We now watch ASQ TV, wherein we look at videos related to Big Data Analytics:

  • Big Data looks at Big data, data analytics, and predictive modeling, and how organizations and quality professionals can use all three.
    Additional reference: The Deal With Big Data
  • New Era of Quality: Big Data and Predictive Analytics – Nicole Radziwill, Quality Practice Leader, Intelex Technologies Inc., discusses big data and predictive analytics, and the opportunity to augment human intelligence to help people become more capable in their own jobs.

Jim L. Smith’s Jim’s Gems posting for March 2019 is:

  • Pursuit of Quality – Beware of pitfalls, disguises and misconceptions – Many organizations continue to pursue improvement using traditional approaches. Some of those approaches might be based on concepts that surfaced decades ago…Many organizations become short-sighted. They often repackage old beliefs focusing on quality improvement…Among the most challenging hindrance to quality improvement is cost reduction in pursuit of short-term profit. More recently cost reduction is known as productivity improvement… Let it be understood by one and every body that Improvement endeavors have their greatest potential when they are understood and accepted by everyone…In order to properly convey this seemingly simple rationale for improvement, managers must first understand why, and when, to communicate the rationale. This is much more than trying to achieve buy-in.
  • Imagination – Take a few minutes to stretch your imagination to see what you can discover. Perhaps share what you see with others as you must be able to visualize this future world before it can ever be created, but it’ll take change…Change, however, can be intimidating; but using your imagination can present all sorts of possibilities. William Arthur Ward, American author and educator, said “if you can imagine it, you can achieve it. If you can dream it, you can become it.” The challenge is to fine tune your imagination. The sooner you begin, the greater your possibilities.
  • Say Bye to Negativity – Successful people, however, have learned how to quickly get rid of their negative thoughts when they do surface.
      1. identify the thought that is bothering you.
      2. remind yourself that a very high percent of the time, things that we dread (fear), never materialize.
      3. interrupt the worry by a visualization technique.
      4. reject the negativity.
      5. replace the negativity. Instead of negativity, put a positive affirmation in its place and repeat it several times.

I look forward to receive your inputs / suggestions that can further enrich our discussions on the subject of Digitalization in the Quality Management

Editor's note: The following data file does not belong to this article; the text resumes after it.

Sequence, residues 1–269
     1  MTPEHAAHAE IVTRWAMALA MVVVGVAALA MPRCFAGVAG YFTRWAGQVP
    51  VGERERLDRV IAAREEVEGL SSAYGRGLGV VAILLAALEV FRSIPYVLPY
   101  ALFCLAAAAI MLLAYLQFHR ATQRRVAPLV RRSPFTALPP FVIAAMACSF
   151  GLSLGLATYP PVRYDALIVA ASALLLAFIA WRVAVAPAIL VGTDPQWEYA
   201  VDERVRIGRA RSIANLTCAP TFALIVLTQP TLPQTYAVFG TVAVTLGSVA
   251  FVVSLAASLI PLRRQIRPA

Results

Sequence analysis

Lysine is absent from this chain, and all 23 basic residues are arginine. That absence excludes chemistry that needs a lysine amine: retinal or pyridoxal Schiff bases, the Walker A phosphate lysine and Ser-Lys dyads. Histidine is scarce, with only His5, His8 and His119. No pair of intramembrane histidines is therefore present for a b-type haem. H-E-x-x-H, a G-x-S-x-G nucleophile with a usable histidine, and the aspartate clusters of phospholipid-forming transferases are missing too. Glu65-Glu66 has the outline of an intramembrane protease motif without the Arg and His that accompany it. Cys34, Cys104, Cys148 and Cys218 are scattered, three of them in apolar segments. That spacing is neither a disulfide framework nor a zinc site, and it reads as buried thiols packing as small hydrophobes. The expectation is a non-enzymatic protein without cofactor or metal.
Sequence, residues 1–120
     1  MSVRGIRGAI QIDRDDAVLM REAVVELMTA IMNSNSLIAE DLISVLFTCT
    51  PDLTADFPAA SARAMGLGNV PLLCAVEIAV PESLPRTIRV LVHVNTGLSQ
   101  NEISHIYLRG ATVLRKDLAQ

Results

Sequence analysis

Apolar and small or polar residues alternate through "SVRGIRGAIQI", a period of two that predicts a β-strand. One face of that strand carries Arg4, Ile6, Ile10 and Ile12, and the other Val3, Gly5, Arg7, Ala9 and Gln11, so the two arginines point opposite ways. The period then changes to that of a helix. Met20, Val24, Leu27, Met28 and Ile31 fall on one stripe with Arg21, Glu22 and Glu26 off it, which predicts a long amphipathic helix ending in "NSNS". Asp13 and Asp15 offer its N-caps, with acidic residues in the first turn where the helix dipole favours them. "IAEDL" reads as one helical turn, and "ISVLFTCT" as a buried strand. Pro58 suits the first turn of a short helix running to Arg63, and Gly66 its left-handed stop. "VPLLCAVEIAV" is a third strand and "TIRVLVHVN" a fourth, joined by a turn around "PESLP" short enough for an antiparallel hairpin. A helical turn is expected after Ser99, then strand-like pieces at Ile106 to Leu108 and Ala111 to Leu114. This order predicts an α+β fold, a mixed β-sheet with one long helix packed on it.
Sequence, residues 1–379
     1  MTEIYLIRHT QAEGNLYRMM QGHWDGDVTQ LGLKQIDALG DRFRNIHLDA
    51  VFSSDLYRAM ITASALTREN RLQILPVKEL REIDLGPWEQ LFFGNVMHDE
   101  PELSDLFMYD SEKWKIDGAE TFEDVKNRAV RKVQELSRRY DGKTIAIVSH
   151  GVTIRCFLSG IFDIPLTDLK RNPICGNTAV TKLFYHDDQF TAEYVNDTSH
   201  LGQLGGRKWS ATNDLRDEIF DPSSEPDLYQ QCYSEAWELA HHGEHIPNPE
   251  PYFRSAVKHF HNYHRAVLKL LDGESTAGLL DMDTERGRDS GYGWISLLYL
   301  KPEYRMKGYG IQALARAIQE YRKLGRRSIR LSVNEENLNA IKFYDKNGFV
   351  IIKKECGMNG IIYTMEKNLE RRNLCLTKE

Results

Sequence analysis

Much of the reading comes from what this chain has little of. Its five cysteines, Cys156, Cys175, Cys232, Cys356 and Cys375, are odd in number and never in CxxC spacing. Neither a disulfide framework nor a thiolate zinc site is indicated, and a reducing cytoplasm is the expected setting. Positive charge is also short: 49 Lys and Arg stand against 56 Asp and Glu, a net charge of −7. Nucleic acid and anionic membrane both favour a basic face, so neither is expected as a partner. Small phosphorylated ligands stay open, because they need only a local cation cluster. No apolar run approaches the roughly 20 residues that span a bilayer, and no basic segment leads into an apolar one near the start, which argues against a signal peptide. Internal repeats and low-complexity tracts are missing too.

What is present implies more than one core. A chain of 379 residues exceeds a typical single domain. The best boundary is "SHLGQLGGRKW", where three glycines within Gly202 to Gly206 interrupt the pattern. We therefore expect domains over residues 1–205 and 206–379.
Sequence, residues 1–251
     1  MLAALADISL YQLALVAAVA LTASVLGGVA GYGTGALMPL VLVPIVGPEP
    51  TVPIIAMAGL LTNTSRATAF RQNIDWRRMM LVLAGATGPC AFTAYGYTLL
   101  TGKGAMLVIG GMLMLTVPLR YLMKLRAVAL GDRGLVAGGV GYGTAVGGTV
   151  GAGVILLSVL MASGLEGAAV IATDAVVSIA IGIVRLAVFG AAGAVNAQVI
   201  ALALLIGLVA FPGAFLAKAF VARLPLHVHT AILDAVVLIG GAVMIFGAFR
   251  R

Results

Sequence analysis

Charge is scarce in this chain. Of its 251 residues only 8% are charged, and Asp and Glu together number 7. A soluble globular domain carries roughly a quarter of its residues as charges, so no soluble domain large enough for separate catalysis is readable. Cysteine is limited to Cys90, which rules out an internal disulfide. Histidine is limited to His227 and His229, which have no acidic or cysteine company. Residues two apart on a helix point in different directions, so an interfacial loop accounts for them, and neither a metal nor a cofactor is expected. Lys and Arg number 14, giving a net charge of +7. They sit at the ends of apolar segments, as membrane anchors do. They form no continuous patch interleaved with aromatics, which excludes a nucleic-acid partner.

Note: The images depicted here above are through courtesy of respective websites who have the copyrights for the respective images.

[1] What is Bid Data?

[2] Big Data Analytics

[3] Big Data Analytics – What it is and why it matters?

[4] 4 Big Data Use Cases in the Manufacturing Industry

[5] The Future of Manufacturing and Big Data By Mark Samuels

[6] BI, Analytics, Reporting Center of Excellence (CoE) by Ravi Kalakota

[7] Data Excellence Model

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Carnival of Quality Management Articles and Blogs

Carnival of Quality Management Articles and Blogs, March, 2019

Welcome to March 2019 edition of Carnival of Quality Management Articles and Blogs.

Our core subject of Quality Management – Road Ahead to Digital Transformation during the year 2019, we have covered:

  • The Basics of Digitization, Digitalization and Digital Transformation in January 2019;
  • The foundation of the Digital Quality Management.in February 2019.

Presently we will take up one of very-oft heard term Quality 4.0

Quality 4.0 blends new technologies with traditional quality methods to arrive at new optimums in Operational Excellence,[1] For the quality professionals, these technologies are important because they enable the transformation of culture, leadership, collaboration, and compliance.

The webinar- It’s Time for a QMS Revolution with Quality 4.0 – provides insightful information on how Quality 4.0 will revolutionize the QMS implementation process. Moreover, the presenter discusses on how the emergence of social media platforms will play a role in the organization`s ability to achieve results.

Quality 4.0 can also be represented as[2] :

Quality 4.0 = Connectedness + Intelligence + Automation (C-I-A)
for Performance Innovation

What Are the Four Things Quality Isn’t?[3]

#1 Quality 4.0 is not separate from traditional quality:

#2 Quality 4.0 is not EQMS

#3 Quality 4.0 is not all about technology.

#4 Quality 4.0 is not just the job of IT.,

Quality 4.0 is closely aligning Quality principles and Standards with the predicted challenges of the new Industrial Revolution, to enable innovation and better business models[4].

There is one more implication for the quality professionals – It is about new skills to keep one of the LESSER more SKILLED JOBS that will be available. In a complimentary webinar – The Smart Factory, Industry 4.0 And Quality – presented by Dr. Joseph A. DeFeo, wherein he discusses how to get on board with Quality 4.0 and lead it!

Nine disruptive technologies are involved in the Industry 4.0[5]